“Postcards” marks the first time Streep has sung in the movies except for her duet with Jack Nicholson in “Heartburn” and her renditions of “He’s Me Pal” in “Ironweed” and “Amazing Grace” in `Silkwood.” “I have a fear of singing in front of people,’ says the 41-year-old actress. “And here was a character who had the same fear. My mother used to say to me, `What are you agonizing for, you have a beautiful voice. Just sing it!’ But the more she would say that, the more I couldn’t. And I would undermine myself with my nerves. I would self-destruct. In the movie, when Shirley said to me, `Go ahead, go ahead and sing,’ I was 12 again. It all washed over me – that horrible, watery feeling.” Streep’s greatest asset as an actress is her ability to physicalize her characters’ emotional states with the smallest of gestures. Think of Streep’s swagger as Silkwood and the way a simple flip of her long, blond hair communicated the severity of her character in “Manhattan.” Offscreen, she’s just as animated, raking her fingers through the air to make a point, frowning when she hears a question she doesn’t like. Streep hates being interviewed – a fact she feels compelled to share. “This experience makes me feel like a piece of meat,” she says when asked if she ever feels exploited by the film business.
She’s good-humored, but ill-at-ease. Even sitting down, she’s all nervous energy. She runs her hands almost incessantly through her hair, which is newly cropped. (“I don’t have time to do my hair in the morning,” she says of her short do. “I got sick of it being an issue.”) Streep can’t (or won’t) detail how she manages to transfigure the static words of a script into a flesh-and-blood character. “I don’t know what it is I do,” says the Yale-trained actress. “I’m not analytical. I don’t work with a method so I always feel kind of terrified at the first step.” “Goldie Hawn gave me a clue about Meryl,” notes MacLaine. “She said, `She’s not really acting, she’s channeling.’ I think Meryl’s probably transcended what the rest of us do.” Streep giggles when she hears MacLaine’s and Hawn’s compliments. “Oh those girls,” she smiles whimsically. Nichols gushes: “All the movies I’ve done with Meryl, there’s always a pattern. She arrives at rehearsals and two days later the leading man is in love with her; the woman who plays her best friend is indeed her best friend and the guy who’s the villain is afraid of her. He stays out of her way. Meryl sort of re-arranges her soul to accomplish these relationships. She gets it right, and then all the other actors have to do is show up.”
Streep’s dedication to her craft is legendary. She has gained weight – 30 pounds, in fact – to play Lindy Chamberlain in “Cry in the Dark” and razored her hair for “Sophie’s Choice.” The later film is one of the actress’s personal favorites. “When I was making it, I remember telling my husband that I thought nothing would ever touch this experience. I was depressed when it wrapped, and then two weeks later I went to Texas and made `Silkwood.’ And that was, in a different way, as satisfying. I liked playing her, and I’m very proud of that performance.” One of the reasons “Postcards” was attractive to Streep was that it presented an accurate examination of the ways Hollywood chews up and spits out actresses. “It’s like a docudrama,” she says.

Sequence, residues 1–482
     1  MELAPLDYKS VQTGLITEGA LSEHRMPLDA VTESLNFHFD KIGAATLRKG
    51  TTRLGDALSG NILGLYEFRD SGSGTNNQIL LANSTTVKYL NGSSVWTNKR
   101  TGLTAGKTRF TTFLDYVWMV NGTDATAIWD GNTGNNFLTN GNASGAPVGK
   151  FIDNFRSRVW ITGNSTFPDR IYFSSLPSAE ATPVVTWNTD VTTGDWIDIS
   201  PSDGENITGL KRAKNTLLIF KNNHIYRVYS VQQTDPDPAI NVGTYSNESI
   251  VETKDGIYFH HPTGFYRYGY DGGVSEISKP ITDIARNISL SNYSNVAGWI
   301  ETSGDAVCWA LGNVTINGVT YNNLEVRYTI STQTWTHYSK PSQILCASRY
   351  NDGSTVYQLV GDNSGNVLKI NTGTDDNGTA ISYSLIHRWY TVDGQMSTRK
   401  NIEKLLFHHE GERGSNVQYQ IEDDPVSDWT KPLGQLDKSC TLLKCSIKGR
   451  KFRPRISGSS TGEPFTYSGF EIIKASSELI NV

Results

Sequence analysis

Has Streep ever felt victimized by the Hollywood power structure? “Yes, of course,” she says. “When I went up for `Out of Africa,’ I heard a rumor that Sydney Pollack didn’t think I was sexy enough for the part. So I got a padded bra and a low-cut dress for my first meeting, and I got the part. Now, I’m sure it was my Danish accent and my intelligence and ability to portray a writer. It also probably had something to do with the cleavage. It’s so depressing.” Despite rumors of a hot-and-heavy liaison with frequent co-star Nicholson, Streep has remained married to sculptor Don Gummer for 12 years. The couple and their three children live most of the year in Connecticut. The rest of the time they reside in a recently purchased $3 million Spanish-style house in Los Angeles. “`Postcards’ is my first Hollywood movie,” says Streep, who’ll next co-star with Nicholson in the Bob Rafelson-directed “Man Trouble.” “I’d never been on a sound stage in my life.”
Speaking of Hollywood, Streep is angry about what she calls “the crash and burn” of “Evita,” the long-anticipated film version of the Andrew Lloyd Webber play in which she was set to star. She’s angrier still at reports that she dropped out of the project because she was suffering from exhaustion. “Basically, it fell apart for financial reasons. I wasn’t tired. I mean I’m tired all the time, it’s not like that just came over me because of the negotiations. I wasn’t exhausted, I was insulted. It’s a big, long horrible story. ” One bright spot for Streep: From the wreckage of “Evita” rose “Postcards.” “I had been preparing for over a year and a half to do `Evita,'” she says. “But I was just so happy Mike and Carrie wanted me for this part. I like smart talk. I’m sort of verbal and I loved having something to chew on for once that was funny, witty. I wish Carrie could write my interviews.”
“Postcards From the Edge.” Rated R. Now playing at Eric Allentown 5 and Eric Easton 6.